Martin Freeman Is A Progressive Mod

In his productive years, Martin Freeman is a low profile Hollywood actor. The srongest proof is, he doesn't have social media accounts at all. We can only get information about him from entertainment news, radio, and TV shows. Not many people know that he is a music enthusiast, avid vinyl collector, and a DJ. He spotted at almost every place which hold anything about music. The Sherlock star is a mod and likes to argue about music. 'Yes, I am. Just not in a Vespa-scooter-let's-beat-up- the-rockers-down-Brighton way. It's in the details. People either spot it or they don't.' Mods are notoriously obsessed with music: 'Most people have a passive relationship with music and clothes, with culture. But music was my first contact with anything creative. Music is it, as far as I'm concerned.' He told the Guardian in 2005. Freeman is also an absolute Motown fan. In 2009, The Culture Show on BBC 2 special marking the 50th anniversary of Motown Records, Freeman takes the trip of a lifetime. Visiting both Detroit and LA, he encounters the men and women, from the world famous to the unsung, who played a part in the massive success story that was Motown.

In Detroit he meets, amongst others: Duke Fakir, the last surviving member of the Four Tops; Sylvia Moy, who wrote the lyrics for Stevie Wonder's Uptight; Motown producer Clay McMurray, who used to work in Quality Control for the label and pushed for the release of Stevie Wonder's My Cherie Amour; former DJ Scottie Regan, who played early Motown on white radio stations. Martha Reeves, lead singer of Martha and the Vandellas, now a Detroit councillor. Plus three of the original Funk Brothers, the backing musicians who were so key to the development of the Motown sound in the Sixties: guitarist Eddie Willis, bass player Bob Babbitt and drummer Uriel Jones. From Detroit, Freeman travels to Los Angeles, following the same path that Motown itself took when the record label moved West in 1972. Here he meets more of the Motown stars: three of The Jackson 5 - Marlon, Tito and Jackie Jackson; Mary Wilson of The Supremes and Otis Williams of The Temptations. Songwriters Lamont Dozier and Brian and Eddie Holland talk to Martin about their string of hits for the label, including Where Did Our Love Go and Reach Out. With musical interludes throughout, this is the Motown story from a real fan's perspective. In 2015, BBC Radio 2 interviewed Freeman about his interest in soul music.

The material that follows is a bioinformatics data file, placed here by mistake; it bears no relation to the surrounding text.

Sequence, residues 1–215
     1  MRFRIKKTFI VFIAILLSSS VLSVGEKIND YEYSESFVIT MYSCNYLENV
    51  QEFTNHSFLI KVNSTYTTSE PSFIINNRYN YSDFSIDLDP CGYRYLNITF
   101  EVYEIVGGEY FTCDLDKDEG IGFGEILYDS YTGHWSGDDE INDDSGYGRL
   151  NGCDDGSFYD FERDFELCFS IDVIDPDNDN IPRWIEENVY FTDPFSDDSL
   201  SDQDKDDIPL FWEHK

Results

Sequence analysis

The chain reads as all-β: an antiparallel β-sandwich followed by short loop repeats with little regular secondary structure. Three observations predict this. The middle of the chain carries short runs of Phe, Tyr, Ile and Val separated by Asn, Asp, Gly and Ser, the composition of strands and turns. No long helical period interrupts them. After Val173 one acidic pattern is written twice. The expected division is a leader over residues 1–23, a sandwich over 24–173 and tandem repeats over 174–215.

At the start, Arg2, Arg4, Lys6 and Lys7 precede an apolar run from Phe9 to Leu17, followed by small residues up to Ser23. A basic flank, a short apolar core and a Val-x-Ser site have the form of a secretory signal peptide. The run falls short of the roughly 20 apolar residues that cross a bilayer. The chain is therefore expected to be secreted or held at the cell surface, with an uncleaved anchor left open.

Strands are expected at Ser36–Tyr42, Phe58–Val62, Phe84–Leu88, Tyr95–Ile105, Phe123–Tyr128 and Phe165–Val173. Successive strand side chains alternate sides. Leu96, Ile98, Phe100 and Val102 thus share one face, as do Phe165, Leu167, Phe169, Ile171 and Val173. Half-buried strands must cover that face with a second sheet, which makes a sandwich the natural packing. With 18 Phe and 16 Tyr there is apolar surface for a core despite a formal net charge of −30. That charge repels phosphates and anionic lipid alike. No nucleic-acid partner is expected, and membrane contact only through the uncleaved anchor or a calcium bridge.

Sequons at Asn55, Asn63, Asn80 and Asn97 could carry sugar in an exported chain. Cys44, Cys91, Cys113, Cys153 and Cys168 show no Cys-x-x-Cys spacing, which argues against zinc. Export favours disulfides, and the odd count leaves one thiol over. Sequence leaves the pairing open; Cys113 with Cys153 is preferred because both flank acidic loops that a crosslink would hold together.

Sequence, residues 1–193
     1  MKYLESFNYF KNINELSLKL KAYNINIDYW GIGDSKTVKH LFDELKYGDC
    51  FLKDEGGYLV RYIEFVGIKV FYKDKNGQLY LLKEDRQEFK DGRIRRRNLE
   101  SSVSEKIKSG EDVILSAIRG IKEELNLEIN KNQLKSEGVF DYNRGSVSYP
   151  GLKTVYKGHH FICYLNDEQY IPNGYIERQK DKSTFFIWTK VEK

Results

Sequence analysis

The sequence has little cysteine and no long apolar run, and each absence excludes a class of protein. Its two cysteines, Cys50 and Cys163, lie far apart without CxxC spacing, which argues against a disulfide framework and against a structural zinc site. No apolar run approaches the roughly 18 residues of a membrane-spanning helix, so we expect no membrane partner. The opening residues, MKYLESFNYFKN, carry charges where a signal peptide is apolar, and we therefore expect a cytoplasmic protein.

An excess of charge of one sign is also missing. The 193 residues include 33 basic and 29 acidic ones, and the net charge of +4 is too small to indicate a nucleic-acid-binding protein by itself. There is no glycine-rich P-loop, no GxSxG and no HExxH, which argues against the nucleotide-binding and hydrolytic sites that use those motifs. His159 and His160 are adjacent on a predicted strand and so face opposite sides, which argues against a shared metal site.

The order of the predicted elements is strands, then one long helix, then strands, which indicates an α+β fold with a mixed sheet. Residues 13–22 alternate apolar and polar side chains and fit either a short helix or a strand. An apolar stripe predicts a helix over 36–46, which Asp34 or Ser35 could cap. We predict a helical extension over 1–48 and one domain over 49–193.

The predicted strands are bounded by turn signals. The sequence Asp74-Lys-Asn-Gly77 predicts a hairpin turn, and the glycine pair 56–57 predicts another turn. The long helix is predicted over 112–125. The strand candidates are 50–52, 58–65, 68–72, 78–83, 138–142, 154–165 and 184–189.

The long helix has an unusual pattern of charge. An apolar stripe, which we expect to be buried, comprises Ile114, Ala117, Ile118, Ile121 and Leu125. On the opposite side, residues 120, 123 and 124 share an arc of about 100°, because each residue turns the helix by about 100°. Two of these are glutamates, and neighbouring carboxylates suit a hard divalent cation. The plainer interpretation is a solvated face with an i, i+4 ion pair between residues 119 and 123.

In February 2015, The Hobbit star was in a bar in East London, on DJ duties for the album launch of a band he admires, The Unthanks. The alt-folk troupe held a special listening party on Thursday evening, attended by a number of special guests, including fans like Freeman, Stephen Mangan, Al Murray and a very appreciative Robert Wyatt. In a darkened room in east London, they invited a raft of guests to come and listen to their album on vinyl, from start to end.

In April 2015, he dropped into Paul Smith Sohoto play records from his personal collection to celebrate Record Store Day. He broughts reggae, punk, old soul, pop, rock, and jazz. In 2016, Freeman back to Paul Smith Soho. DJ-ing for Record Store Day 2016. He treated those gathered inside the shop to 3 hours of expertly selected jazz, soul and blues from his own record collection. In December 2014, Freeman was on the Jonathan Ross Show. He was in frame with Paul McCartney. The former 'fab four' whom he respect so much because of his talent.

In May 2016, Freeman attending the special edition of BBC Radio 4 Mastertapes at Maida Vale studios to meet McCartney again. McCartney talks to John Wilson about his career and answers questions from the audience. Among the audiences were Brad Pitt, Paul Weller, Noel Gallagher, Freeman, James Bay and Simon Pegg, as well as 100 members of the public, many of whom were able to put questions to Sir Paul. Source:

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